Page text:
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October 22, 2014

Making sense of urban heat island: It's about the plants

Living in an urban heat island is a fact of life for over half of the global population, which lives in cities. In the summertime, the heat island effect is at its most intense, a known phenomenon whose causes were, until recently, poorly understood.

A new study by WSC scientists Jason Schatz (Ph.D. candidate, Environment and Resources) and Chris Kucharik (lead Principal Investigator) sheds light on why there are seasonal differences in the urban heat island effect, or the tendency of urban air temperature to be warmer than that of rural surroundings. Their study has implications for health, resource consumption and quality of life.

Schatz and Kucharik determined that the urban heat island effect is largely dictated by how much vegetation covers the land—the more vegetation, the cooler the air temperature.

In the summer, rural areas tend to be kept cooler by their abundant agricultural and natural vegetation, while the cement-and-asphalt jungles of urban areas retain more heat. This results in a larger summertime temperature difference between rural and urban areas than during times of the year when vegetation is scarcer, such as the fall and winter.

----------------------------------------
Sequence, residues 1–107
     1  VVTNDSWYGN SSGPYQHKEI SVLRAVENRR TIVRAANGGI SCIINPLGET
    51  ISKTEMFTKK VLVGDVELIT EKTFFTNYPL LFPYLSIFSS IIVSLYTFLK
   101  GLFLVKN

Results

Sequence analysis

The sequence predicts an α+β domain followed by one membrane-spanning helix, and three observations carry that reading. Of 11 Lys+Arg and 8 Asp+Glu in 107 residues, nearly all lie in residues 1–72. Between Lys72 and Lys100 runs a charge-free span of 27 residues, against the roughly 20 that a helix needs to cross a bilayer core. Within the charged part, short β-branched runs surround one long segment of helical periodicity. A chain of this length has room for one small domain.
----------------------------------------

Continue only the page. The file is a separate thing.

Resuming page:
To illustrate, summertime temperatures in the study site, Madison, WI, averaged seven degrees Fahrenheit warmer at night and three degrees warmer in the daytime than those in the city’s surrounding rural areas. By comparison, the average wintertime temperature difference between urban and rural is about two degrees.

Vegetation plays a role in the difference between daytime and nighttime heat island effects, as well. Nighttime temperature differences are greater because abundant vegetation allows rural areas to cool down more quickly at sundown, while urban surfaces hold the heat acquired from the day longer into the night.

A bigger heat island effect in the summer matters because hotter temperatures are likely to be unwelcome in an already hot city, especially if climate change adds more hot days to the calendar, as scientists predict.

“This is all happening on top of climate change,” said Schatz, the study’s lead author.

Schatz says their study enhances the understanding of what climate change could mean locally in the Yahara Watershed, now and into the future. For example, more hot summer days could put more pressure on urban water supplies, especially if people are watering their lawns or gardens more.

“There are a lot of things that are affected by this much climate variation. It raises a lot of questions,” says Schatz.

Despite the questions raised, the knowledge gained about the mechanics of the urban heat island effect can aid decision making around mitigating it, as well as give scientists a clearer picture of the implications for human health, the water cycle, air quality, building energy demands and ecosystems.

“In a broad sense, our study helps us understand how urban climates work. The more we know, the better equipped we are to manage what is happening and what is coming,” said Schatz.

The study was published in the October 2014 issue of the Journal for Applied Meteorology and Climatology.

Read UW-Madison's coverage of the study.